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About Sarah Nord
As director of learning services for Onspring, Sarah is responsible for educational content and programs that help clients realize maximum value from our no-code platform. She's also a regular contributor to the Onspring blog.
Before we had Netflix, we went to the movies with friends. Before we had smartphones, we talked on landlines, sent letters and had regular, in-person interaction (gasp!). Those were (and are) good things. In our pursuit of innovation, let’s not forget the value of our past modes and methods.
It’s funny how the mere mention of “contract review” causes tension in a room. In one corner, you have the people who are trying to execute a contract and get down to business. For them, the review and approval process can’t move swiftly enough. In the other corner, you have those who are responsible for going through contracts with a fine-toothed comb. They don’t want to be rushed in their work. It’s too important to get it right—and far too costly if things go wrong.
In jury selection, the prosecution and defense ask tough questions not because they want to embarrass people. They simply want to find 12 jurors best suited for the case. And so it goes in GRC consulting. We must ask difficult questions of our clients and ourselves. We must speak the truth in our answers. And we must be willing to accept the truth (even the hard truth) from our colleagues. That’s how we bring value to our engagements and continue to improve ourselves.
At Onspring Connect 2018, client presenters from 16 companies shared their creative uses of the Onspring platform to solve business challenges in internal audit, vendor management, risk assessment, internal controls and business operations. But only one of these organizations would go home with the coveted Innovation Award…or so we thought.
Whether it’s an audit recommendation, a failed control test, an incident report or a third-party weakness, the risk of the “vanishing issue” is real. To get to the root of the problem, it’s important to understand why an issue may get lost.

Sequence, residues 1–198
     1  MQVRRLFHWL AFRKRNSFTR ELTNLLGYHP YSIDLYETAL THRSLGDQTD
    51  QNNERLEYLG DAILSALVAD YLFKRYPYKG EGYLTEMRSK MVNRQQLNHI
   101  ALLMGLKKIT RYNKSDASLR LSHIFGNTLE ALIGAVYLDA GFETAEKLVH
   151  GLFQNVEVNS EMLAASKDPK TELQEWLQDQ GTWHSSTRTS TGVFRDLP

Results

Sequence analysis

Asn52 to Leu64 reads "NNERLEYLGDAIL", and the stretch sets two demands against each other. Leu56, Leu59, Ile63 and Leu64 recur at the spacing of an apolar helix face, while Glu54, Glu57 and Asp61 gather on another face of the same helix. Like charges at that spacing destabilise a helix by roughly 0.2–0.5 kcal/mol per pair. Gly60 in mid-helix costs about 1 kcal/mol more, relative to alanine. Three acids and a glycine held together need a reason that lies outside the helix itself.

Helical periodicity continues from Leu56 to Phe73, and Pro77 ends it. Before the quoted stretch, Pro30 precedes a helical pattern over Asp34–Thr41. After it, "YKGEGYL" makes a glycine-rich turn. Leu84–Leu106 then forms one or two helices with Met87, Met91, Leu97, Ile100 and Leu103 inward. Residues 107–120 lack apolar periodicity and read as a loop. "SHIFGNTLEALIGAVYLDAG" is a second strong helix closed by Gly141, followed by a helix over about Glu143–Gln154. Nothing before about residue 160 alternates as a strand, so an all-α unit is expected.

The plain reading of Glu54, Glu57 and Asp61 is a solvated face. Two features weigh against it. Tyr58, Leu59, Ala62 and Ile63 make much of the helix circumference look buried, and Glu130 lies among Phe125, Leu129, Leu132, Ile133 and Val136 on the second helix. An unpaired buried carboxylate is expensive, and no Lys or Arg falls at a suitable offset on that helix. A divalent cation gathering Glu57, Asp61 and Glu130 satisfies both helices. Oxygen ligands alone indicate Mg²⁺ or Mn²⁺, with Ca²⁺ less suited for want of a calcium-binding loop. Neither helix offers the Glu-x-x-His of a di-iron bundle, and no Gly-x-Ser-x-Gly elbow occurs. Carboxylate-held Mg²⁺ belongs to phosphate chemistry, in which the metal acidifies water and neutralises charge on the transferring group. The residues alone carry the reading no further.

We’ve probably all had similar experiences. We’ve gone off in search of information, only to be confronted with too much data in a difficult format, not personalized to our needs. But here’s the good news: dashboard technologies like Onspring are designed to solve this very problem. In a nutshell, dashboards help to make the complex understandable, the details digestible. But before we get carried away with dashboards, remember that they can seriously miss the mark if we don’t consider their purpose, audience and content.
One term you’ll hear while standing around the water cooler with a bunch of risk management professionals (don’t we all?) is risk register. The basic definition is simple: A repository of all risks that could impact a project, a legal entity or an entire enterprise. But when you get beyond the basic definition, you’ll find plenty of variation in the details. To gain a better understand of what a risk register is, why it exists and what information it should contain, I interviewed Evan Stos, a GRC consultant who has helped more than 60 Fortune 500 companies gain control of audit, risk, compliance and information security processes. Here are a few insights from our conversation.
After a week at RSA Conference, talking with current and prospective clients and demoing our GRC solutions, I’m looking forward to a quiet day back at the office. But I also feel really good about what happened this week. We had many excellent conversations with people who are eager for next-generation technology and fresh ways to solve problems. I can’t tell you how many times we heard people say, “I’m looking for something new.”
This same type of transformation is happening in the world of business applications. Custom-coded point solutions are giving way to a new generation of no-code platforms that allow business users to configure and manage their own applications. As TechRepublic explains, “No-code platforms are helping businesses more quickly create custom solutions for day-to-day problems and diversify who is able to build apps.”
Internal Audit is a field for people who love to learn, and there’s plenty of good information on the web for practitioners who want to advance their careers. But what about the folks who are entirely new to the profession? How do they begin to swim in a vast sea of professional guidance?
We love it when clients use our platform in creative ways. Mark Barak, general counsel at Aronson Security Group (ASG), is a prime example. He started using Onspring in 2016 to manage legal matters, but when a need arose for greater efficiency and visibility in the company’s partner relationships, Mark put the platform to work in new ways.